Under Our Skin: Kids Talk About Race

Co-authored with Debbie Birdseye - Illustrated by Robert Crum

Six students age twelve to thirteen openly discuss one of the most explosive issues of our time - race. Rosa, a Hispanic; Akram, an Arab; Jenny, an Asian; Tad, a Caucasian; Jason, an African American; and Janell, a Native American, describe in their own words how the traditions of their ethnic backgrounds affect their daily lives, their views on racial relations in America, and their own experiences with prejudice.

These six young voices present a new perspective on an increasingly troubling topic. They celebrate the best of our multicultural society and offer words of wisdom and hope for the future.

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Reviews

"upbeat and informal . . . without jargon or sermonizing . . . a good starting place for classroom discussion on tolerance" - Booklist

"an excellent starting point for discussion . . . gives readers a chance to see what life is like through someone else's eyes, and in someone else's skin." - School Library Journal

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Applause

National Council on Social Studies Notable Trade Book for 1998.

Oregon Book Award nominee.

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Availability

Through your local bookseller, or on-line at:

Hardcover: Holiday House, NY - ISBN 0-8234-1325-X

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THE STORY BEHIND - UNDER OUR SKIN: KIDS TALK ABOUT RACE:

Some say that one question often leads to another. For my wife, Debbie, and me that certainly is true. No sooner had we finished asking kids from different religious backgrounds about their faith (and putting their answers into the book WHAT I BELIEVE: KIDS TALK ABOUT FAITH), than we started wondering what kids from different ethnic backgrounds would have to say about race.

There were so many things we wanted to know: What is it like to grow up Hispanic? Or of Asian descent? How does it feel to be born Afro-American? Or into Arab culture? What is unique about being Native American? Or white in a racially mixed neighborhood? Are the differences between us as big as some people make them out to be? Or are we really more alike than not? What causes prejudice? How does it feel to be the brunt of it? Are race relations getting better in America? Or worse? What should be done to fix things? How does a kid make a difference?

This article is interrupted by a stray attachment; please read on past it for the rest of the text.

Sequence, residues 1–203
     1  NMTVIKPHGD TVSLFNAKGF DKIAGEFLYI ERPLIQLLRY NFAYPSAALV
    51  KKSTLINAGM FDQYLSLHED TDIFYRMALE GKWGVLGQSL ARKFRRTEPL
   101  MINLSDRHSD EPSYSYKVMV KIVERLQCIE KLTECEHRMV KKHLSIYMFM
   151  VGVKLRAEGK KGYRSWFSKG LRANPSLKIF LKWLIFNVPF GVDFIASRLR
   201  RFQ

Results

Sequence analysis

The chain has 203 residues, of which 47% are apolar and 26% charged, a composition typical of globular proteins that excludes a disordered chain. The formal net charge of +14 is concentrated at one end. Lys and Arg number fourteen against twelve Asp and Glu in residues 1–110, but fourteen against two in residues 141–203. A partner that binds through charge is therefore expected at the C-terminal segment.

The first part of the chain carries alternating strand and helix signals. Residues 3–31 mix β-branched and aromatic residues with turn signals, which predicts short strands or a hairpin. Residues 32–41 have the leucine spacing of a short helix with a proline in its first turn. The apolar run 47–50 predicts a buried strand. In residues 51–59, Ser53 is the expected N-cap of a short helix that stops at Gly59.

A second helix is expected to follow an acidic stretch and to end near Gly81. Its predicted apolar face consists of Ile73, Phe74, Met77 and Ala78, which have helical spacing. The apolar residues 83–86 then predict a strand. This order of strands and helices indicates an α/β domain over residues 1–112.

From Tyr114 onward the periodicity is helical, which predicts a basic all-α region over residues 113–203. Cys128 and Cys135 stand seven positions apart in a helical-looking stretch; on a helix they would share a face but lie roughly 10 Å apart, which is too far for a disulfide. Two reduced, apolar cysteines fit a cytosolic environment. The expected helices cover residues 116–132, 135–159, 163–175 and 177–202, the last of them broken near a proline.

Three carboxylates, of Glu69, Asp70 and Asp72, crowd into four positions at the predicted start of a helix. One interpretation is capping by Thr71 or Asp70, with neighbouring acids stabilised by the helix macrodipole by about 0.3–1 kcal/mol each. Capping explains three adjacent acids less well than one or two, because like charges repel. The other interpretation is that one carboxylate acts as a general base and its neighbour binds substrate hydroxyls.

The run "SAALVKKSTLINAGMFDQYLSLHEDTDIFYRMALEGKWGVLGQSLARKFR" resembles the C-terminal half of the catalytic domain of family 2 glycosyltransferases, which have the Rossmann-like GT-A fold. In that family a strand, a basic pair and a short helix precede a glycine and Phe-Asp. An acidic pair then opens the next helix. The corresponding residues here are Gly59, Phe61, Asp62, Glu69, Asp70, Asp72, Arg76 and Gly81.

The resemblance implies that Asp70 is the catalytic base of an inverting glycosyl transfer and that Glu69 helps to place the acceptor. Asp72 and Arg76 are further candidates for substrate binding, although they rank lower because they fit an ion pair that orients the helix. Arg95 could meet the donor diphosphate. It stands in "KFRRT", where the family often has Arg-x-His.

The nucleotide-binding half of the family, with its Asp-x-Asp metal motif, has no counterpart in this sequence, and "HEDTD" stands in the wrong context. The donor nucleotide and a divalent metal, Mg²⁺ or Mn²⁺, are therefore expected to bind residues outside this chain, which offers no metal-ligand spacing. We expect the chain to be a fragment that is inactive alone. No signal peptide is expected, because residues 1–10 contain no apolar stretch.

Questions, questions, and more questions, about what for some was a touchy subject. All of which led us -- no surprise -- to another question: Would middle schoolers be willing to talk about it?

The answer was a big YES. Not only were they willing to talk, but with great honesty and feeling, giving us very personal portraits of themselves in the process. Our hope is that you enjoy getting to know them, and putting individual names, faces, smiles, and hearts to the big issue of race as much as we did.

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From the Book

I find I can get along with anyone no matter what color or race.

At middle school I have friends from different groups. A lot of my Mexican friends ask questions like, "What do you do down there on the reservation?" I tell them about the powwows, and watching TV or movies, or shooting baskets at the elementary school. I tell them mainly we like to talk and have running races, that we're no different than anyone else.

You've got to get to know people first. Then you'll understand what they're like, that they are just the same as anyone else.